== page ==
WASHINGTON — The challenge of paying for vaccinations has become even greater now that the human papilloma virus vaccine is on the immunization schedule.
At a meeting of the National Vaccine Advisory Committee, representatives from several organizations reported that there isn't enough money to go around and that states will have to make tough choices about funding for the HPV vaccine, which is scheduled to become a standard immunization for 11− to 12-year-old girls.
The evidence used by the Advisory Committee on Immunization Practices to make vaccine recommendations includes economic factors as part of the public health perspective, said Dr. Lance Rodewald, director of the immunization services division at the Centers for Disease Control and Prevention.
However, the price of a vaccine is not allowed to be a consideration for resolutions made by the Vaccines for Children (VFC) program. The key consideration in a VFC resolution simply is whether the vaccine is recommended for VFC-eligible children, he said.
Consequently, an ACIP recommendation raises the possibility for disparity, with VFC-eligible children receiving a vaccine because it is paid for, and children with private insurance not receiving the same vaccine because it is not paid for.
Neither state-appropriated funds nor funds from Section 317 (a discretionary program within the Public Health Service Act that covers individuals whose insurance doesn't cover vaccines or who are not eligible for VFC funds) has kept up with VFC's need-based funding, Dr. Rodewald said.
What happens when the need outstrips the resources? “The programs are put in a tough spot,” he said. “The states will need to prioritize vaccinations, and we are looking to other groups to help resolve the financing dilemma.”
Dr. Poki Stewart Namkung, president of the National Association of County & City Health Officials, shared responses to a survey that solicited their members' concerns about implementing HPV vaccines. Key issues raised by the local health departments included how to vaccinate girls and young women who fall outside the bounds of public assistance given the limitations of the VFC program and Section 317.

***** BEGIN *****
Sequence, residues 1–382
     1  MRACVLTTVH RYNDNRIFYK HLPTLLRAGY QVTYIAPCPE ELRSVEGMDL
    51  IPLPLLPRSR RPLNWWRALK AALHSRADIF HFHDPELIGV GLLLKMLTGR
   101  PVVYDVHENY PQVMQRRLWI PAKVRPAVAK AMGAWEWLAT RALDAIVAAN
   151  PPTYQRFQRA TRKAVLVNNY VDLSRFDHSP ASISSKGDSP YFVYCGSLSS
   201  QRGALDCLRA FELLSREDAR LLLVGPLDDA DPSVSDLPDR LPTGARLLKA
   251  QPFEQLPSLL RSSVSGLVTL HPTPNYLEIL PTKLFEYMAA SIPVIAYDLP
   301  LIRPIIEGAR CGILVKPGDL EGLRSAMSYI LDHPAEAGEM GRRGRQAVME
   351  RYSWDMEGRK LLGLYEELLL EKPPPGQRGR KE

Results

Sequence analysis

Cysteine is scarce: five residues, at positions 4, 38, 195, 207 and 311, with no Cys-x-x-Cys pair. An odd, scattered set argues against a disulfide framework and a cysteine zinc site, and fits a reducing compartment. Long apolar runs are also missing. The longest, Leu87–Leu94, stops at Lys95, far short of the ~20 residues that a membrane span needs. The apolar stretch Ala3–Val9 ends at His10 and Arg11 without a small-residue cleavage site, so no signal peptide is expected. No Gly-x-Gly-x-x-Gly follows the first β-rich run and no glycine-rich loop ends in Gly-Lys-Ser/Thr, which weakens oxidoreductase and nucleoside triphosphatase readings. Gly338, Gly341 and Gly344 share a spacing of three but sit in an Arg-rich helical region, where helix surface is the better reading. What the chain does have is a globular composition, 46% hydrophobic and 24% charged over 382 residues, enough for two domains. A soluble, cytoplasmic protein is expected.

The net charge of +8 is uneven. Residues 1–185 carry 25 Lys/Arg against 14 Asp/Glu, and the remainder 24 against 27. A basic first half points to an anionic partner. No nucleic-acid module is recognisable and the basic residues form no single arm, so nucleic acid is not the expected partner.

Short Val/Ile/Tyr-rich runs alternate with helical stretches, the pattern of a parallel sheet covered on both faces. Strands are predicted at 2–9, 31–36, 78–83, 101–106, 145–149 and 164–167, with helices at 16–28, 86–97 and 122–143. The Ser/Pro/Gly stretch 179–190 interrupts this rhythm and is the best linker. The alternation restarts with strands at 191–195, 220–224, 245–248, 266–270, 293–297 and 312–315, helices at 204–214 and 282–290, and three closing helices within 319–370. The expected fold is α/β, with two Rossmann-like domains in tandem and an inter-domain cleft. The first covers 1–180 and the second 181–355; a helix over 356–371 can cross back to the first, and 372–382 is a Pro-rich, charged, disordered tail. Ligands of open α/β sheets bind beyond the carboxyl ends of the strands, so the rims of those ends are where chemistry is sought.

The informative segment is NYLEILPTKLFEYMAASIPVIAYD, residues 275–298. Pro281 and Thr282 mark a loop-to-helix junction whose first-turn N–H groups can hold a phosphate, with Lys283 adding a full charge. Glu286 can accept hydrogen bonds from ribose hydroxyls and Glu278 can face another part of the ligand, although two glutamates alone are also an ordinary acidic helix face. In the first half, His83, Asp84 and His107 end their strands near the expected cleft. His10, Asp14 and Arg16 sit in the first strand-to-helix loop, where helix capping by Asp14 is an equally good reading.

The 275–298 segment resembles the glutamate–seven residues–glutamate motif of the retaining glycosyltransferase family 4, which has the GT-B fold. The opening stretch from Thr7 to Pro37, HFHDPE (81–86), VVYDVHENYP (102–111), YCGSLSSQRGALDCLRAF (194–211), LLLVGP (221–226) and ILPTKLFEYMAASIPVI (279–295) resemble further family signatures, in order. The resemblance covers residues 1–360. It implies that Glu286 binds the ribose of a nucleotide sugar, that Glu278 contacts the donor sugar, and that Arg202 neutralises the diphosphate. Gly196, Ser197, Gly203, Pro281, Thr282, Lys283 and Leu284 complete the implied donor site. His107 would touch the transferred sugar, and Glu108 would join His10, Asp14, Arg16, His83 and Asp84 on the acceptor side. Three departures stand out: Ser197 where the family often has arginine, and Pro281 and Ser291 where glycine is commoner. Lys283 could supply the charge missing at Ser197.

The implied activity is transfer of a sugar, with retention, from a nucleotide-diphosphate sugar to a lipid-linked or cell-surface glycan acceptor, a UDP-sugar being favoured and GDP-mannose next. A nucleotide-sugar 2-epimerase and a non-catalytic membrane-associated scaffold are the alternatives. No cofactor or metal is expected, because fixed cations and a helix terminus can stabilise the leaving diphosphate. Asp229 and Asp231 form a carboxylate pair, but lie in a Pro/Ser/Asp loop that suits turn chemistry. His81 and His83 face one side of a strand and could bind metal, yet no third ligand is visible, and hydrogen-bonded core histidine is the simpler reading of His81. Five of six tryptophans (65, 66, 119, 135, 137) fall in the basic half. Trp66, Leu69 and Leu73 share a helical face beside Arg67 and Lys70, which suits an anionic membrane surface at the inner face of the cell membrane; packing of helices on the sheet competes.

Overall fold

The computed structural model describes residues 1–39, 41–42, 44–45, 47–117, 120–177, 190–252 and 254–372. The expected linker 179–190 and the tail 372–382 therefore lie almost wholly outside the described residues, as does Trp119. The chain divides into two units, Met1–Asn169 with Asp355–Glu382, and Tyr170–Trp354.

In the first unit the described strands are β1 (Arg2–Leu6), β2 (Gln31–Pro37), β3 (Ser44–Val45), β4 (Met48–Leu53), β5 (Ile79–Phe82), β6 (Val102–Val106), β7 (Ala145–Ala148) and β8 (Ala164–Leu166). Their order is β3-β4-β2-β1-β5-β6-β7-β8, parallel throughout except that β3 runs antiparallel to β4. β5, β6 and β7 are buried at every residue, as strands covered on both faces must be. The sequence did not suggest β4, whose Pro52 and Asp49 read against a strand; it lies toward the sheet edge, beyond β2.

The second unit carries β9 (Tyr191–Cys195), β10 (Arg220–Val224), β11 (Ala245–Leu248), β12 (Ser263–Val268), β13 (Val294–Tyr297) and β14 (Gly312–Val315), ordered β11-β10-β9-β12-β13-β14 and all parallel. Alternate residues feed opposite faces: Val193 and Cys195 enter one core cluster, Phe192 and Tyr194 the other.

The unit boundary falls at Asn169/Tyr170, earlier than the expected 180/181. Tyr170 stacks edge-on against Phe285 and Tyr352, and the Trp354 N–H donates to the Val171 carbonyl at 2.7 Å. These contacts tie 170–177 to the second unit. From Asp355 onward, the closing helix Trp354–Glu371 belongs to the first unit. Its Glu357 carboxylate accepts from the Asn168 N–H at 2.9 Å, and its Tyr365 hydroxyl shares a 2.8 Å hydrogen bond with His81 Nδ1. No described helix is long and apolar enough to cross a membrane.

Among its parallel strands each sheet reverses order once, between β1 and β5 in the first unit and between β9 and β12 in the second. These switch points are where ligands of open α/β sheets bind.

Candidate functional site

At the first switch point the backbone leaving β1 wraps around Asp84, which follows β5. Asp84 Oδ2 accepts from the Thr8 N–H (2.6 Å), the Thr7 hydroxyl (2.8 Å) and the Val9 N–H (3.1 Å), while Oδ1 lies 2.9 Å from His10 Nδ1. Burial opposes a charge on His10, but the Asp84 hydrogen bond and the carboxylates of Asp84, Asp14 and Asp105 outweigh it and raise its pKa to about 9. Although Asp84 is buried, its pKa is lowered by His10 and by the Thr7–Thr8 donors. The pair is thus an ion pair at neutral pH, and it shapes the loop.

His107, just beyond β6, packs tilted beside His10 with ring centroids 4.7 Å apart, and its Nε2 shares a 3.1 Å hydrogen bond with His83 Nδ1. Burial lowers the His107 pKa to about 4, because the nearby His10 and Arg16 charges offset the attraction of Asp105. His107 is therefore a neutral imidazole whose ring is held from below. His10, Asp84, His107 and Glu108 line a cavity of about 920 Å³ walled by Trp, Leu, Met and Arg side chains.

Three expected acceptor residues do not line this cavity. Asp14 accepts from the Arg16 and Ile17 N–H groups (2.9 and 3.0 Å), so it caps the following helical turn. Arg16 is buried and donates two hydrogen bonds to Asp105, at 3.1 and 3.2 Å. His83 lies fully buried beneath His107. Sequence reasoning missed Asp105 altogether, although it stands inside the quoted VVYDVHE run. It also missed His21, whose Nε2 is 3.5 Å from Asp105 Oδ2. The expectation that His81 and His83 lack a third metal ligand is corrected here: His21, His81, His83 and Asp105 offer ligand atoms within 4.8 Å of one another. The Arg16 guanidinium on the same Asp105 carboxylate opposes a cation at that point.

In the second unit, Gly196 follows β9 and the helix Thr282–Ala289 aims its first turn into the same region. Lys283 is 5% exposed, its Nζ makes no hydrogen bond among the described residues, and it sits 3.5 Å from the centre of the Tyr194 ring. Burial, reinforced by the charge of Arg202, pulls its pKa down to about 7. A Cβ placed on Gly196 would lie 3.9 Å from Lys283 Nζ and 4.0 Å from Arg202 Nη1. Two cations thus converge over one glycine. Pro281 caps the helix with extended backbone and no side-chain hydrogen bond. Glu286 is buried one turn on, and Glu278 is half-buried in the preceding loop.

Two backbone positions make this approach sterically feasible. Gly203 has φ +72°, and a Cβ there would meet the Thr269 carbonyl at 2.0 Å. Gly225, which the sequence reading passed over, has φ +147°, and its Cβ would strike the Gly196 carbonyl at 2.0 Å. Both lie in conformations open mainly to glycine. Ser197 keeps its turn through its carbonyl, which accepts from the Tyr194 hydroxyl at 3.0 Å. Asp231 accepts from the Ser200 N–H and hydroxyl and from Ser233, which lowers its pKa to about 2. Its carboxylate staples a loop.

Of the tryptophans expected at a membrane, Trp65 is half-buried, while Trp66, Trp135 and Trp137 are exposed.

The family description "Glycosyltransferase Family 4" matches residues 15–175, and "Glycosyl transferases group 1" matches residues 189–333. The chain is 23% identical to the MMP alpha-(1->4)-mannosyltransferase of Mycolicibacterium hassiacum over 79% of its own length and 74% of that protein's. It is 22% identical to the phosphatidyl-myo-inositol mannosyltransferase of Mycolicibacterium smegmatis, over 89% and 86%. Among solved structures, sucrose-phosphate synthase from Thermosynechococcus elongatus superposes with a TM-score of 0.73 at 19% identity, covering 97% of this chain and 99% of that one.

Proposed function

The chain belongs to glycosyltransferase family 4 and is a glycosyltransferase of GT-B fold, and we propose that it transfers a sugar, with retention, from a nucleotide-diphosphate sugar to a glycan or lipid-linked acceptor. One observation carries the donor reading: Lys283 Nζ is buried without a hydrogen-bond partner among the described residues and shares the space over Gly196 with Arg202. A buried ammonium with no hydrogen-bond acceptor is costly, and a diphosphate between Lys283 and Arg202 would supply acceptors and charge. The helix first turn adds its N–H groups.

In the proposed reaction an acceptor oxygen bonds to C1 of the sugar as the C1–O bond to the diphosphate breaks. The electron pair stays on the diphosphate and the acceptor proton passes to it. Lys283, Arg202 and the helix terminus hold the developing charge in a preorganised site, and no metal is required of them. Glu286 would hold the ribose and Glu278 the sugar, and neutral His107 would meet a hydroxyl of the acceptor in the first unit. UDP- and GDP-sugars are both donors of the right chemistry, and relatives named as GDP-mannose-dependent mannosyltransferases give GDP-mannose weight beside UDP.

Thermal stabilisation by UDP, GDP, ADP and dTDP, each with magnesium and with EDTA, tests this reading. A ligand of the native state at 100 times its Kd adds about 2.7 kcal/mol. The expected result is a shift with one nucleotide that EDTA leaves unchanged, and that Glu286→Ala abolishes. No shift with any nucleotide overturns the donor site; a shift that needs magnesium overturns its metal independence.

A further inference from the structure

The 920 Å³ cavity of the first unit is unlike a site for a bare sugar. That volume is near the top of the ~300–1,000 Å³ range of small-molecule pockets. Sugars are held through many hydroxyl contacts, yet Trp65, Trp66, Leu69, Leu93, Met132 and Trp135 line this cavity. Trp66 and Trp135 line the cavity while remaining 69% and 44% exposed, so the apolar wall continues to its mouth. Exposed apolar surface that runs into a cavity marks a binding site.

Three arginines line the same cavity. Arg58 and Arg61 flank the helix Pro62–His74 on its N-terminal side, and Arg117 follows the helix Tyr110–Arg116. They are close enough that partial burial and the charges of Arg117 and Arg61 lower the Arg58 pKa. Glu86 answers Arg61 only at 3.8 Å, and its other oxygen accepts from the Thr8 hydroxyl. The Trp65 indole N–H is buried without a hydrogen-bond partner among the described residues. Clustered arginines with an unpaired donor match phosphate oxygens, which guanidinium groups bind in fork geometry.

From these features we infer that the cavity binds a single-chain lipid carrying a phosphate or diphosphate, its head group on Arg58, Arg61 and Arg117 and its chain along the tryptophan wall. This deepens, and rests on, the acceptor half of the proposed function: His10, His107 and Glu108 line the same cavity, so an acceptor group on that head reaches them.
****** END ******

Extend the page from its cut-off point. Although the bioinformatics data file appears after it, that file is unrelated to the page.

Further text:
States will receive VFC funding, but do not know what other funds to expect, said Claire Hannan, executive director of the Association of Immunization Managers (AIM). Ms. Hannan said AIM members are involved in every aspect of vaccination, including distribution, purchasing, and provider and consumer education.
Uninsured individuals aged 9–18 years will be covered by VFC, and limited coverage for uninsured females aged 9–26 years may be available through Merck & Co.'s vaccine assistance program. Insured individuals are covered in theory, but AIM members are concerned that as new, expensive vaccines are added to the vaccine schedule, more insurance plans will not cover all the vaccines, Ms. Hannan said.
“Programs are making decisions about how to use limited funds, and they are making different decisions,” she said. The result is a patchwork of vaccination coverage. Possible solutions to the problem of patchwork coverage could include enlisting the help of ob.gyns. and dermatologists, since they treat children and adolescents and could enroll their eligible younger patients in the VFC program, Ms. Hannan said.
No one knows how the financing for HPV vaccines will play out until the vaccine actually is in use, but vaccine financing is dynamic because both the payments and the individual insurance plans change annually, said Dr. Gregory Wallace of the CDC's National Immunization Program. “Difficult decisions have to be made with competing priorities every year.”